BIRMINGHAM, Ala. (WIAT) — A little more than two months into the year and seven children have died in Birmingham from gunfire.

Now, city leaders are making a plea for the community to help police get justice for the families who lost young, loved ones.

“I’m tired of standing before you speaking about another child being taken from us,” Mayor Randall Woodfin said.

Woodfin and acting Police Chief Scott Thurmond said they need your help to bring justice for families who have lost loved ones to gun violence. This year alone seven children have died in the city because of this.

Detectives said they’re doing everything they can to find answers for these families – but solving these cases depends on people coming forward with information to lead to an arrest.

“It’s not that we’re unwilling to intervene or unable to, we’re never given the opportunity and it’s very frustrating,” Thurmond said. “They have to stop and think before they unlock that safe or take that gun lock out. Maybe this isn’t the right thing I should be doing right now.”

Thurmond said guns need to be locked up in the home – not left unattended where they could get in the wrong hands.

UAB mental health expert Dr. Martez Files said children being exposed to loss can cause emotions to run high.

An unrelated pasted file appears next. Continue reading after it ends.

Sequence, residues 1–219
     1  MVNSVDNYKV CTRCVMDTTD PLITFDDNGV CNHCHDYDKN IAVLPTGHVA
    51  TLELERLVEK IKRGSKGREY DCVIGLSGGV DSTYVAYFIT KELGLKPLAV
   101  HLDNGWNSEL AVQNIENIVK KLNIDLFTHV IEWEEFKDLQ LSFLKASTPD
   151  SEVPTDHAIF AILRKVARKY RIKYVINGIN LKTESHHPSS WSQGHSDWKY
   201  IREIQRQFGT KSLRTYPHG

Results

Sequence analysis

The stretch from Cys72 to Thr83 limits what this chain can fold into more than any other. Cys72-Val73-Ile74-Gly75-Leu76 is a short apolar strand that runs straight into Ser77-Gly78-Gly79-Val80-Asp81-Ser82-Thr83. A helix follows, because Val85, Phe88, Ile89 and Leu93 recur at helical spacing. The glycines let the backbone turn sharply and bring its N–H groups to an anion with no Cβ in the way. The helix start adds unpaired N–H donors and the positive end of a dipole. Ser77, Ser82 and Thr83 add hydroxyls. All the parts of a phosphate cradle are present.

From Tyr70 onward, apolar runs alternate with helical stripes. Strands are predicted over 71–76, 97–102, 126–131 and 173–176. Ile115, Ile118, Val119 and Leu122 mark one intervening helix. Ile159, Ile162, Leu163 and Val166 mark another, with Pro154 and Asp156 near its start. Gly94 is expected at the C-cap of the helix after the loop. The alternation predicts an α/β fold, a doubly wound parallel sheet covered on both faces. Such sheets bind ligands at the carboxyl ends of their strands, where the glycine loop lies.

“These types of experiences if you’re exposed to them and if it’s prolonged, they can have very real outcomes for your physical and mental health,” Files said.

Files said taking time to pause, breathe and think before acting is crucial when tensions are high.

“That’s not a magic pill, there’s not a formula for the conflict, but it is a formula for self-management that says if I can breathe, if I can think, I can better navigate conflict,” Files said.

He encourages people to open their homes to neighborhood children and to invite them to dinner to learn more about them and help provide a support system.

Woodfin said adults need to do better the community and help provide this support to youth.

“Whatever conflict you as an adult have with another adult should never lead to an innocent child being killed,” Woodfin said.

City leaders said they understand that people could be hesitant to come forward – and that’s why they have an anonymous tip line. You can call 205-254-7777 to try and help to bring closure for the families still looking for answers.